Sunday, July 31, 2005

The "Eloquent" W

My friend Mari sent me this : The Shrub's Speech Writer

I'm normally not an Andy Dick fan, but I almost spit my iced tea on my monitor!

Saturday, July 30, 2005


Gracie just came home! The vet is calling her the miracle puppy - on Wednesday, they really didn't think she'd make it. Now my problem am I going to keep her quiet for 2 weeks???

First things first - she had to get her squeaky toy!

On the knitting front, I made another tam from my own pattern - I used yarn that I Kool-Aid dyed last week. I used 3 flavors of Kool-Aid, and got about 9 different colors in the yarn!

It's drying on a Corelle plate right now...

Thursday, July 28, 2005

My fighting girl!!!

Hard to believe that Gracie just had a major organ removed yesterday!!! (They have a pain patch on her neck, and they're holding it on with an ace bandage)

Unbelievable as it seemed yesterday, Gracie will be coming home in the next 2 days!! We went to visit her at the hospital today! She was very, very happy to see us! She wouldn't eat for them, so they asked us to come visit and see if we could get her to eat. She ate every bit of the "baby food" that they gave her and looked at me for more.

She barked at the dog on the other side of the door

And checked out the furniture in the visitation room

And tried to give me kisses!!!

The Hand to Hand is done!!!

And just in time for the Medina County Fair, too!

I borrowed my MIL's dressmaking dummy for a model - I haven't been getting enough sleep in the last 4 days to allow a picture to be taken. :-) It's blocking now.

I'm still up in the air about adding a pocket - maybe in time for the Lorain County Fair...

Wednesday, July 27, 2005

Prayers for Gracie...

I haven't posted about the health problems that Gracie has been having... but it's been going on for over a month now.

She just got out of surgery at the emergency vet clinic, after spending the last 2 days at my local vet's office. They had to remove a kidney, and they think it's because the original vet (not the one who's been treating her this week) put a suture in her ureter when they spayed her nearly 6 weeks ago. She had an episode of fever, vomiting, lethargy and diarrhea a month ago, the vet put her on antiobiotics and subcutaneous fluids, and sent her home. All seemed well until Sunday, when she went downhill fast.

According to the surgeon today, the kidney was completely dead, and infection had backed up into her system and she had full-blown peritonitis. Her intestines had started to telescope into themselves, which can be fatal on its own.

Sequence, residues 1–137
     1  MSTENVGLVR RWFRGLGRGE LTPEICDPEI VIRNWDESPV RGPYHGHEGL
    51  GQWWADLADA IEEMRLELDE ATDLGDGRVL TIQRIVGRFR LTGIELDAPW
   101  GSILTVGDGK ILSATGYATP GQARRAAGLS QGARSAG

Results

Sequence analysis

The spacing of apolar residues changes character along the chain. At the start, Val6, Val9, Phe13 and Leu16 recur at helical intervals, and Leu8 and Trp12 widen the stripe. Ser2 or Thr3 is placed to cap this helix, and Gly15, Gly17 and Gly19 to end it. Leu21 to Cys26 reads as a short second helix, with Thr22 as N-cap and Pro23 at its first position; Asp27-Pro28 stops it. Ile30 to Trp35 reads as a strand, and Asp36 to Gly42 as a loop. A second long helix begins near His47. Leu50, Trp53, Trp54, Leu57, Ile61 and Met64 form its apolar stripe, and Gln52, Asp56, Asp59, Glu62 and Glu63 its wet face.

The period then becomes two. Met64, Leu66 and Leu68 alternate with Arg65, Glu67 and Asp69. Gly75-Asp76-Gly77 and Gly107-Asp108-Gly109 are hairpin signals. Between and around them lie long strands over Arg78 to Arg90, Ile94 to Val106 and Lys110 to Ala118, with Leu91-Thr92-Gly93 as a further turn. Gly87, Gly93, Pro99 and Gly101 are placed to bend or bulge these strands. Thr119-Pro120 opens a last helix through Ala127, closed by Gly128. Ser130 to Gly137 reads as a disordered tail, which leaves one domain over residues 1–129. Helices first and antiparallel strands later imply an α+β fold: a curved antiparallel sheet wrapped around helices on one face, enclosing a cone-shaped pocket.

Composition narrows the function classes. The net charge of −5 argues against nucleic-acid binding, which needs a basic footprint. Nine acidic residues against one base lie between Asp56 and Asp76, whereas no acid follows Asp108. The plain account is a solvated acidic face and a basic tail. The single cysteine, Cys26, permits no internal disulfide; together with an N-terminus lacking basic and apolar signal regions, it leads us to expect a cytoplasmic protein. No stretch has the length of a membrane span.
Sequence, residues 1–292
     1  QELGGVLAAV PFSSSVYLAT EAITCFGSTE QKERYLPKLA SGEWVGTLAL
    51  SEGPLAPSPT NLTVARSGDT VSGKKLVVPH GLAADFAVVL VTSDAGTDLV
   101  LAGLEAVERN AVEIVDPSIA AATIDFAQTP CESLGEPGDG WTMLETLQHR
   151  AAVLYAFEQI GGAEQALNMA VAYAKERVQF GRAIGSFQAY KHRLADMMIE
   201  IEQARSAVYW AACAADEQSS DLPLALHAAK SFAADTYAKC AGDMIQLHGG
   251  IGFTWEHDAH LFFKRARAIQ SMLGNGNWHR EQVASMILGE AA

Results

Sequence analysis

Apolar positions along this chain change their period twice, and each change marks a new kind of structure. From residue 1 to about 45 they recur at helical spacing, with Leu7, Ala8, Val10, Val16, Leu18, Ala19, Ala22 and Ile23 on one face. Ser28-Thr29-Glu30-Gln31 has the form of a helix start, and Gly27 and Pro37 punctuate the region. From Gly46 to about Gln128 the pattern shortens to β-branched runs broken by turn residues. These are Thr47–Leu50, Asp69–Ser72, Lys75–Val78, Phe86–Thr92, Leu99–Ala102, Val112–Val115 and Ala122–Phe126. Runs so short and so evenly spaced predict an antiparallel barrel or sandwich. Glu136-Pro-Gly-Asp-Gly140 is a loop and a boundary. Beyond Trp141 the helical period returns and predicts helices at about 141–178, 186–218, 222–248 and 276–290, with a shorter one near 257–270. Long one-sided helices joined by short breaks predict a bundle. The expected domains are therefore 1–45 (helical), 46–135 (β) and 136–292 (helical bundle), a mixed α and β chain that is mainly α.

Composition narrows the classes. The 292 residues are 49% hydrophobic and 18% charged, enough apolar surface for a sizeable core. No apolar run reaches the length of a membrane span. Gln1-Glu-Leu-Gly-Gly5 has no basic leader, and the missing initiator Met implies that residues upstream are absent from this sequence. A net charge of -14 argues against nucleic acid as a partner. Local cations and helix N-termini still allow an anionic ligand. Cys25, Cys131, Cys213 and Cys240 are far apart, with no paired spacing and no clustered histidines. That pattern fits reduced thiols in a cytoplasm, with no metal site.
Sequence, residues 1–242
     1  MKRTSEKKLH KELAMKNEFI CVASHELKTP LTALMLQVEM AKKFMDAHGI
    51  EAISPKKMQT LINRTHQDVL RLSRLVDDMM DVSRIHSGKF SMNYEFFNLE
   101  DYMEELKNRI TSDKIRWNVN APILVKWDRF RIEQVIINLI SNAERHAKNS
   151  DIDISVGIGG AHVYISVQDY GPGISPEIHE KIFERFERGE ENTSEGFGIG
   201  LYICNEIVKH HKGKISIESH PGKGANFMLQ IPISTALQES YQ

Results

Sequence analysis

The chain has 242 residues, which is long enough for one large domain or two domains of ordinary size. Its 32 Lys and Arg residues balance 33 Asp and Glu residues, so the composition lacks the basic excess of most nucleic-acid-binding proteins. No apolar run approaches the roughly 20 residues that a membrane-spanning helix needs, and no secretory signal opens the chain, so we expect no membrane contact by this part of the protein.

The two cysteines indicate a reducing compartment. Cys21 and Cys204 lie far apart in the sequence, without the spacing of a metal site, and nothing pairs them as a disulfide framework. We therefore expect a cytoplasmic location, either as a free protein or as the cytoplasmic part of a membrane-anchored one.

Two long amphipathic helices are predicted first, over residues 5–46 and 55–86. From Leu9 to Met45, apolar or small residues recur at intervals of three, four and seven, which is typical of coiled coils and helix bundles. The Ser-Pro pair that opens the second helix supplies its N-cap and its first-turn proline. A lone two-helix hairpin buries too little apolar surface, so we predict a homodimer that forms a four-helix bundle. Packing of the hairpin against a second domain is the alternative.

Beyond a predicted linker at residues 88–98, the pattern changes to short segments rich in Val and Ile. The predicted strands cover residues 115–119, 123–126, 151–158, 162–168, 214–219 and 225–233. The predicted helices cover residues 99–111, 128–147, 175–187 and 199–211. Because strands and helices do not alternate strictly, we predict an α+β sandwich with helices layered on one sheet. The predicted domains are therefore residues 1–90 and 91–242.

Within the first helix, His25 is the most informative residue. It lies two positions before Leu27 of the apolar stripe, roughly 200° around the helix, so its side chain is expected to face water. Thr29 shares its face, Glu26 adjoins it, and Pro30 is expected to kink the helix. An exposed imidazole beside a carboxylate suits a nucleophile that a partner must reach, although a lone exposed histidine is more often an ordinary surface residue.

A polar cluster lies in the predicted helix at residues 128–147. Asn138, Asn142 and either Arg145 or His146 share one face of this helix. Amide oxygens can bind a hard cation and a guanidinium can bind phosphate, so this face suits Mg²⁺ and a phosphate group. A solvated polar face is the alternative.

Right now, they're having a hard time stabilizing her blood pressure, and she has a 60%-70% chance of coming home.

Please, if you're the praying type, send prayers. If you're not, send zen, good thoughts, anything. She's only a 6 month old puppy, but I've never had any dog - in my entire life - worm her way into my heart the way she has.

Friday, July 22, 2005

It's getting there...

My Hand-to-Hand sweater is now a cardigan, and it's getting close to completion - I think.

This is what happens when crocheted steeks go bad:

Complete and total fraying. I had to run a line of machine stitching down each side of the border to contain the mess. Of course, that left stitching lines and and unsightly mess on the inside of the sweater, so I ordered matching wool in 2-ply shetland from Schoolhouse Press , picked up stitches along the whole front and made a facing.

The problem was, this left tell-tale marks on the front of the sweater; it was a little bit lumpy and bumpy - and you could still see the machine stitch lines (well, at least I could; nobody else in this house could see anything wrong. You know how that is...)

Sooo, I cast on two 3 stitch I-Cords on the side of the button band, and did this:

I made an I-Cord braid in the shetland, and ran it all the way up the front (an adaptation of an I-Cord technique from Joyce Williams!) It's a combination of attached and free I-Cord.

As soon as I finish the other side, I'll be just about done. I need to sew on the buttons (right now they're tacked on) and block. However, it will not be truly finished until I fix this:

Now that's a big old honkin' cable boo-boo! I'm going to have to snip stitches, reroute the cable, and weave everything back together. At least I saw it before I take it to the fair next week!

Thursday, July 21, 2005

Nut cases abound

We have a new neighbor. She's a single mother with 3 kids, and she moved in about 3 months ago. She seemed like a reasonably nice person; she works part-time on weekends while the 3 kids are with their respective fathers. Now I'm starting to wonder.

She told us about a month ago that she was thinking about putting a fence around her yard so she could work outside without worrying about the toddlers running around and getting into the street.